The Northland Mining Company has decided to ship iron-ore from mines on the Swedish-Finnish border from the Norwegian port of Narvik.
The company chose the route via Narvik instead of using the Finnish port of Kemi because of cost, according to Swedish Newspaper Norrlänska Socialdemokraten. The shipments will reach China through the Northern Sea Route.
Christian Bonfils, managing director of Tschudi subsidiary Nordic Bulk, which will be transporting the iron-ore, estimates the journey is one third shorter than via the Suez Canal.
“This results in a significant reduction in fuel consumption and transportation time, and it also means much lower CO2 emissions. The fuel savings alone add up to approximately $180,000,” he said in a press release last month, when the Norwegian company announced it would be the first to send a non-Russian vessel on the route.
An additional advantage with Narvik is that bulk carriers can reach up to 300,000 dwt, five times more than the maximum capacity of Kemi, reports the BarentsObserver.
According to the shipping plan, the ore will first be transported from the Swedish Kaunisvaara mines near Pajala to Svappavaara by oversized Catepillar trucks, weighting 170 tons.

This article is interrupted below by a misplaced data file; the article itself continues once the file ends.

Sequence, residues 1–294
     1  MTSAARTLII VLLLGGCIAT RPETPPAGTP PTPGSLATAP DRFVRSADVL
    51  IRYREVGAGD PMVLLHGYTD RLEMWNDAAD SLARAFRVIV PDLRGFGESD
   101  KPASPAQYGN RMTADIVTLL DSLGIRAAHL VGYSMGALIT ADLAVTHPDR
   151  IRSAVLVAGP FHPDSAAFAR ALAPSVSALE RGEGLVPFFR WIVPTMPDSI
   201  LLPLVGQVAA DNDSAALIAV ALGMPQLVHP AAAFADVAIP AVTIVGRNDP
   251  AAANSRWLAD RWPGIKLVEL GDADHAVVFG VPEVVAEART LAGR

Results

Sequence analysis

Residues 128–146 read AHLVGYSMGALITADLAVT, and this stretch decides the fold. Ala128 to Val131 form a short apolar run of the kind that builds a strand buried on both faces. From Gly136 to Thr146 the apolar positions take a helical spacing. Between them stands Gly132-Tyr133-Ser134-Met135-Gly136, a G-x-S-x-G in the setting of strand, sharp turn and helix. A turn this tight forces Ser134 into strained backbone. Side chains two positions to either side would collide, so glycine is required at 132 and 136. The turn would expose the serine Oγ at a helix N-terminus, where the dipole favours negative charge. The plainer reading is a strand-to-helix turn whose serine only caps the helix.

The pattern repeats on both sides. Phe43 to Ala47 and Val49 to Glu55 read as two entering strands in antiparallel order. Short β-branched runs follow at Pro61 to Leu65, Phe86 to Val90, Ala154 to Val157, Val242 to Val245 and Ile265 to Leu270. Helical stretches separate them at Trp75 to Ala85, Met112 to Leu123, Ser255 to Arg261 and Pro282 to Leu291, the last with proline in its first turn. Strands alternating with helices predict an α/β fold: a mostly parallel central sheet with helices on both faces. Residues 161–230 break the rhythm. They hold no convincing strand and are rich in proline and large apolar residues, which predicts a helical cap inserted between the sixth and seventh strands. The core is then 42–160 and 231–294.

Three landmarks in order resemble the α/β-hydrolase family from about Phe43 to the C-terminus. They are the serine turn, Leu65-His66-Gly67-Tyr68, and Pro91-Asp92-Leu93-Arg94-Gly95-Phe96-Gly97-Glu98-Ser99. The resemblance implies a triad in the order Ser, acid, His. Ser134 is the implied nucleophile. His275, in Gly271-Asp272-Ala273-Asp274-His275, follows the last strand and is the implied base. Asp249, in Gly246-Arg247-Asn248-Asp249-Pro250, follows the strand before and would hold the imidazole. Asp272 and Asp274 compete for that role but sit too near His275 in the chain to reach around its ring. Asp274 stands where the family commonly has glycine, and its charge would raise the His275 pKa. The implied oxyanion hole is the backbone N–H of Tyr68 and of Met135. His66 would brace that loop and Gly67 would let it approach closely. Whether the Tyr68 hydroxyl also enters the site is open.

It will then be loaded onto the mining company LKAB’s trains, which will take it to the Narvik port.
However, infrastructure adjustments meeting the minimum requirements for heavyweight transportation from the Swedish-Finnish border to the port of Narvik will have to made first if the plan is to work.
Norrlänska Socialdemokraten reports Northland has already contacted Swedish authorities asking for an exemption from weight restrictions in order to drive the oversized trucks on ordinary traffic roads.
If the iron-ore ends up being transported by trucks to Svappavaara, then via rail onwards to Narvik, other railroad investments in the area will also be put on hold including the rail line from Kolari in Finland to Skibotn in Norway.
This would also affect projected railroad investments to connect to the Swedish network, as well as improvements on the Finnish side.
“All large-scale track improvement plans have now been suspended. The electrification of the railway track would have cost approximately EUR 50 million”, Director Kari Ruohonen from the Finnish Transport Agency told Helsingin Sanomat.
Northland hopes to begin production in the Swedish-Finish border mines by 2012, with adjacent shipments starting the year after.